Join Now | 
HomeAboutContact UsPrivacy & SecurityAdvertise
Soccer America DailySoccer World DailySpecial EditionAround The NetSoccer Business InsiderCollege Soccer ReporterYouth Soccer ReporterSoccer on TVSoccer America Classifieds
Paul Gardner: SoccerTalkSoccer America ConfidentialYouth Soccer InsiderWorld Cup Watch
RSS FeedsArchivesManage SubscriptionsSubscribe
Order Current IssueSubscribeManage My SubscriptionRenew My SubscriptionGift Subscription
My AccountJoin Now
Tournament CalendarCamps & AcademiesSoccer GlossaryClassifieds
Iran's Turmoil Spills Into Soccer
Guardian UK, June 24th, 2009 3:15PM

MOST READ

MOST COMMENTED

Iran's political turmoil has spilled onto the soccer field. The country's authorities have reportedly dealt lifetime bans to a group of Iranian players who wore green wristbands in last Wednesday's World Cup qualifier as a symbol of protest against Mahmoud Ahmadinejad's disputed re-election. According to the pro-government newspaper Iran, four players - Ali Karimi, 31, Mehdi Mahdavikia, 32, Hosein Ka'abi, 24 and Vahid Hashemian, 32 - are retiring, but speculation is that they are being banned for their gesture in the match against South Korea.

The green wristbands, adopted by demonstrators who believe the June 12 election corrupt, showed symbolic support of opposition candidate Mir Hossein Mousavi. Most of the players obeyed instructions to remove the wristbands at halftime, but Mahdavikia wore his green captain's armband for the entire match. The four are also said to have been banned from giving media interviews. The fate of the other two players who wore the wristbands is still unknown. None of the team members were returned their passports upon returning to Tehran after the match, which ended in a 1-1 draw - a result that ended Iran's hopes of qualifying for next year's tournament.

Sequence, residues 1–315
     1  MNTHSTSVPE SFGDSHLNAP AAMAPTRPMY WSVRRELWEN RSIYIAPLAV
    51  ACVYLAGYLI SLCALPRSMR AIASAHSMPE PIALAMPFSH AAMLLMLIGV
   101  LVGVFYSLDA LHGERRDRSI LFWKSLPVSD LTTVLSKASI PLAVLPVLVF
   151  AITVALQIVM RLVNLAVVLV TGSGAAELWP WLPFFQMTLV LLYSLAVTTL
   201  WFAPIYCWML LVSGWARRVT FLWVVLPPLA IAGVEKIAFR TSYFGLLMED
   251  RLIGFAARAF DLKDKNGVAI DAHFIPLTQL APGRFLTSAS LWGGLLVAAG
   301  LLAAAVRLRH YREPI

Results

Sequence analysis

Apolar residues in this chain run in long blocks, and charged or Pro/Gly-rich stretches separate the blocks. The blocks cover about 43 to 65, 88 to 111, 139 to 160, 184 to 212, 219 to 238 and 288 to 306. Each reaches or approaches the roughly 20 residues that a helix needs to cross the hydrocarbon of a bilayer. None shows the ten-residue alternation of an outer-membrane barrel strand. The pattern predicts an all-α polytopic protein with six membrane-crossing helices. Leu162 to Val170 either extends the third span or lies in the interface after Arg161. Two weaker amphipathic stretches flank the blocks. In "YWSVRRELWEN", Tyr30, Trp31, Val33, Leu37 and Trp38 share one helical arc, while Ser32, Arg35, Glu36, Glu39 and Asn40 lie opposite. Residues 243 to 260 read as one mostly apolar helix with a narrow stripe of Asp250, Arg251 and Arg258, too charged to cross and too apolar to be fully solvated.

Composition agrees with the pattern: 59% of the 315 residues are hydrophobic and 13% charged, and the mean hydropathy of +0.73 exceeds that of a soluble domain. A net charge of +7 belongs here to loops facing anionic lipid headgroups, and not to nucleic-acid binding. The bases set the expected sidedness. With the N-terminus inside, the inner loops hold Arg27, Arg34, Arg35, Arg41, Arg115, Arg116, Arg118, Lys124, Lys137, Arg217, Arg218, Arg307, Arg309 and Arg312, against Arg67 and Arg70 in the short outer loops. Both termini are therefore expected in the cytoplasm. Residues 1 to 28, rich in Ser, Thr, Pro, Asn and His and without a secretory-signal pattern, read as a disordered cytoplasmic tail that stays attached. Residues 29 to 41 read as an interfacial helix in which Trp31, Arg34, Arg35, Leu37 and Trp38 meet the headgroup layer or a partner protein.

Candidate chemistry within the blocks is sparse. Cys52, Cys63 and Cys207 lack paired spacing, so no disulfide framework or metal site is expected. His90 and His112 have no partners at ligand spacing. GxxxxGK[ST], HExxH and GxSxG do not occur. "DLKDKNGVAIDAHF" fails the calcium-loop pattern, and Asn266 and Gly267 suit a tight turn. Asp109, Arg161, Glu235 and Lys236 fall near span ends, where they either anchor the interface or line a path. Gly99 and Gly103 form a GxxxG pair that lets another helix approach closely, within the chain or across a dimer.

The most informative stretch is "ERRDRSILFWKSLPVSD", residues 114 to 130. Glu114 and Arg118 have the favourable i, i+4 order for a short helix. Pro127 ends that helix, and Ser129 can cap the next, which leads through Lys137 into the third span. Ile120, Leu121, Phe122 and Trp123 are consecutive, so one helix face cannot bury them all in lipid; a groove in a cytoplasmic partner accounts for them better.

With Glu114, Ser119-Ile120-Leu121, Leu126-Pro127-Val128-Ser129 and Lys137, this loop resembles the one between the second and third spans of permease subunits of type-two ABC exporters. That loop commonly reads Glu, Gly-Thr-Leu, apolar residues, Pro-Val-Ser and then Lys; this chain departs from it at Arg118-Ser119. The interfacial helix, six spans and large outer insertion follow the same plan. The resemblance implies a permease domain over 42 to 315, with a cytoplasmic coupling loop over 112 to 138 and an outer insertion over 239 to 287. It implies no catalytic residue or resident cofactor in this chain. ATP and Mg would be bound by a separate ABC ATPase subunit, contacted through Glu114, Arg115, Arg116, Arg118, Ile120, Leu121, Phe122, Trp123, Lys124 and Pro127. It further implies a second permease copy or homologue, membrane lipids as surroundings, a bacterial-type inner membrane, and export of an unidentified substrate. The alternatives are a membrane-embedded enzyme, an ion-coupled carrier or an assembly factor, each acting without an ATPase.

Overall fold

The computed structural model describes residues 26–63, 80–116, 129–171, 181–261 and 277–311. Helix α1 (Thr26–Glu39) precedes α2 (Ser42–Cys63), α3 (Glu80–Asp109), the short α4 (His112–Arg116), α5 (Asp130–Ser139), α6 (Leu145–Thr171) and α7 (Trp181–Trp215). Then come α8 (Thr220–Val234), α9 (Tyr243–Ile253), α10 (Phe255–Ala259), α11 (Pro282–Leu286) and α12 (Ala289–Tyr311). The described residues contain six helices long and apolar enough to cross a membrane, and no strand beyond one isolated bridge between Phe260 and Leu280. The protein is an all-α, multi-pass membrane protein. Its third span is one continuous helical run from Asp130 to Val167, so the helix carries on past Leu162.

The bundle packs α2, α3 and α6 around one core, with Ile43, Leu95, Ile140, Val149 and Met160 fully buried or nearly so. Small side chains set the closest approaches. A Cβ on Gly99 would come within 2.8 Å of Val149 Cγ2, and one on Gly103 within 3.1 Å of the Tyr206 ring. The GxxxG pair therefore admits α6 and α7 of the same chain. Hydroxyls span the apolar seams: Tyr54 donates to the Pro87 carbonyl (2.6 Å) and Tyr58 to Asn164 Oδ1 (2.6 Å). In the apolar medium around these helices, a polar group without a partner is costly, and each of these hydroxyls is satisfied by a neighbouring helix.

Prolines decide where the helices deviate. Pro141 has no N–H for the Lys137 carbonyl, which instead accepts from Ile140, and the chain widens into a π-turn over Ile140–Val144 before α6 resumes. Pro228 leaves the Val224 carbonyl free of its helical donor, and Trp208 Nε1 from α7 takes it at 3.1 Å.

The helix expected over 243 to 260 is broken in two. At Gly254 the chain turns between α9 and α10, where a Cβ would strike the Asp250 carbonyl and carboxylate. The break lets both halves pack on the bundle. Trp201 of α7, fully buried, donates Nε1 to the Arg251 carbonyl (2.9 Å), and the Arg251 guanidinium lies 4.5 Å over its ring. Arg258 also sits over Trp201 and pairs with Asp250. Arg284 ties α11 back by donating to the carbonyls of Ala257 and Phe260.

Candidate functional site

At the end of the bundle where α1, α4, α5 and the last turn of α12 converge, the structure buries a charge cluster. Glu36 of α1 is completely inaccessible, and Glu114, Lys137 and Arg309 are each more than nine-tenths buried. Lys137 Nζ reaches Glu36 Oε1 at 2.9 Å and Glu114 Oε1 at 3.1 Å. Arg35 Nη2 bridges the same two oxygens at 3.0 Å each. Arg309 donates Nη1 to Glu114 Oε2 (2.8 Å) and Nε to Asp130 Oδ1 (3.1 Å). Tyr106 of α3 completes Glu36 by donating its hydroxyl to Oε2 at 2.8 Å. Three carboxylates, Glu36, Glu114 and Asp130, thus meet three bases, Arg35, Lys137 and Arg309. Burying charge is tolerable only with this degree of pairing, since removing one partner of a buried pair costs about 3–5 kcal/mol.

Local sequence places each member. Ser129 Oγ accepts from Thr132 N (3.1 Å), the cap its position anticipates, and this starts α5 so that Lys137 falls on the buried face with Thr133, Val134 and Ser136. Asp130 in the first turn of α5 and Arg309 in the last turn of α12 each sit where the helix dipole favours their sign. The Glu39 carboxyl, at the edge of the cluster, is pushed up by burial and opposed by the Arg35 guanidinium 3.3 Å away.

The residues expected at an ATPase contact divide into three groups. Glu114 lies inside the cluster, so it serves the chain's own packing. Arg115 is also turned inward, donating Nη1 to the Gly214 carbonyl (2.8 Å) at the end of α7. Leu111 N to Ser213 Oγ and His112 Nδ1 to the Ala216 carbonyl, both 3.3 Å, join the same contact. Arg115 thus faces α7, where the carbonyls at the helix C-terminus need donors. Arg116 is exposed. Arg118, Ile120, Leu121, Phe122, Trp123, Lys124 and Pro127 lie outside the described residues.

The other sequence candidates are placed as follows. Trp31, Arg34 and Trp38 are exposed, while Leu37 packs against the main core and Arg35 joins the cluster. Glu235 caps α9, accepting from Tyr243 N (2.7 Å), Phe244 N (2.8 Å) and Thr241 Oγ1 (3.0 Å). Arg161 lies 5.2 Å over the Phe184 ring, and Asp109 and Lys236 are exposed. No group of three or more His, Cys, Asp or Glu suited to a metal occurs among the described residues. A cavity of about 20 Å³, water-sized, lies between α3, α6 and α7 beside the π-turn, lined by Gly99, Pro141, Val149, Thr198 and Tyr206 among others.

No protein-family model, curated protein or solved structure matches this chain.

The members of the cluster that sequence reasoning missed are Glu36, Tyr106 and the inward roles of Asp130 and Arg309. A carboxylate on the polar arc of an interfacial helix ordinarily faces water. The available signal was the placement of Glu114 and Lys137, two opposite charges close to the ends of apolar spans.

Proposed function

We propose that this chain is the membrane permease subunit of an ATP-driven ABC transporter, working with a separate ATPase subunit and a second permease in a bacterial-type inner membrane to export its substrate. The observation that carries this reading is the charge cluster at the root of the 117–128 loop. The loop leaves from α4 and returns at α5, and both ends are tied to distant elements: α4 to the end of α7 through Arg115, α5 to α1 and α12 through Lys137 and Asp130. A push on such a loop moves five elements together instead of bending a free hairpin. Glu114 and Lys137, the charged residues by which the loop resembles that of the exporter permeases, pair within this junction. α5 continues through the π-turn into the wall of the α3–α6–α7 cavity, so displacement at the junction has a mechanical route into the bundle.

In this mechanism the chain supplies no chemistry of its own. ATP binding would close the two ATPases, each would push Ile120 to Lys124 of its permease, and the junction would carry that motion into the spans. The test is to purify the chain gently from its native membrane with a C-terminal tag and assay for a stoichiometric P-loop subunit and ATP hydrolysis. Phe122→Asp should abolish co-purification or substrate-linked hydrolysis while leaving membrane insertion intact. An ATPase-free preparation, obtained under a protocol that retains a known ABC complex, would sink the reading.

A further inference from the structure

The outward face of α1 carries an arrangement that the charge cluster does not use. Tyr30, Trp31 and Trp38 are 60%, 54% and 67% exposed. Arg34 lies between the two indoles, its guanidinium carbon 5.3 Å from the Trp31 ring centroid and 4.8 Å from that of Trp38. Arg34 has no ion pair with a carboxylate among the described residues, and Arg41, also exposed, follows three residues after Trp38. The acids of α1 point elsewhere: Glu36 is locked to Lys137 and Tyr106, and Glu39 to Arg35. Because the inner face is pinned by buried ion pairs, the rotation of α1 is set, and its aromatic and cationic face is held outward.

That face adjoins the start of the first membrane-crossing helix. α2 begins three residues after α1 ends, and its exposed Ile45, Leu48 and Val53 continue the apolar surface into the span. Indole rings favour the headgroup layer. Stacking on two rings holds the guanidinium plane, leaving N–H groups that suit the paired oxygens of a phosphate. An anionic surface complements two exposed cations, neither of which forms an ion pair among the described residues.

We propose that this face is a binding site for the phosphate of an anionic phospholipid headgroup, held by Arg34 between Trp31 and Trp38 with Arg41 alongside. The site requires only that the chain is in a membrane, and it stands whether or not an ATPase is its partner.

Iran's hardline media have also linked the protest to Saturday's arrest of Mohsen Safayi Farahani, who headed the country's soccer governing body under the former reformist president, Mohammad Khatami. Hezbollah, a pro-Ahmadinejad website, accused Farahani, a member of the pro-reform Islamic participation front, of bribing the players to wear the protest symbols. Incumbent Ahmadinejad, a known soccer fan, has a historical interest in the sport's affairs. In 2006, Fifa banned Iran from international competition after claims of improper interference by the government. The ban was later lifted.

 

Read the original story...


No comments yet.

Sign in to leave a comment. Don't have an account? Join Now




AUTHORS

ARCHIVES
FOLLOW SOCCERAMERICA

Recent Section 2 Around the Net
Youth soccer fights back against 49ers    
Northern California youth soccer advocates, including Santa Clara Youth Soccer League President Tino Silva, have launched ...
Cal South TOPSoccer Program Turns 25    
"We're all soccer players, special needs or not," says Sandy Castillo, chair of the Cal South ...
How Neymar Played in Childhood     
Neyrmar: "I used to pick up the ball, set up the furniture and go around dribbling ...
Roma Partnering with U.S. Youth Clubs    
Italian Serie A club Roma, which has American ownership, aims to forge partnerships with seven U.S. ...
LVG: Falcao "Has to Prove Himself"    
Manchester United coach Louis van Gaal has responded to criticism over dropping Radamel Falcao by claiming ...
Report: Adidas to Assist Messi Move?    
According to Spanish sports daily AS, Lionel Messi's sponsor Adidas could be the key to the ...
Toure Admits Man City Future in Doubt     
Speaking ahead of the opening games of the African Nations' Cup in Equatorial Guinea this weekend, ...
Ronaldo Blasts 'Defensive' Atleti Tactics    
Cristiano Ronaldo blasted Atletico Madrid for its unattractive style after the Rojiblancos ousted Real Madrid from ...
Fabian Johnson's 'Spat' with 'Gladbach Coach Favre    
According to Bild, USA defender Fabian Johnson is in a "spat" with Borussia Monchengladbach coach Lucien ...
Serie A to Introduce Goal-Line Technology     
Serie A will introduce goal-line technology next season after the Italian soccer federation (FIGC) gave its ...
>> Section 2 Around the Net Archives